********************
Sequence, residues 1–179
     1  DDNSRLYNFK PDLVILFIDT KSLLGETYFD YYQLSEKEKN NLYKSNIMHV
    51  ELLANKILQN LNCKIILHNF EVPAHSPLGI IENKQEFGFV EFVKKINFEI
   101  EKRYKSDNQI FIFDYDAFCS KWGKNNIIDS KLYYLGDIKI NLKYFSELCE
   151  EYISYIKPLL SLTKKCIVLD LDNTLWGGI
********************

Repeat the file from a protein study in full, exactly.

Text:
Sequence, residues 1–179
     1  DDNSRLYNFK PDLVILFIDT KSLLGETYFD YYQLSEKEKN NLYKSNIMHV
    51  ELLANKILQN LNCKIILHNF EVPAHSPLGI IENKQEFGFV EFVKKINFEI
   101  EKRYKSDNQI FIFDYDAFCS KWGKNNIIDS KLYYLGDIKI NLKYFSELCE
   151  EYISYIKPLL SLTKKCIVLD LDNTLWGGI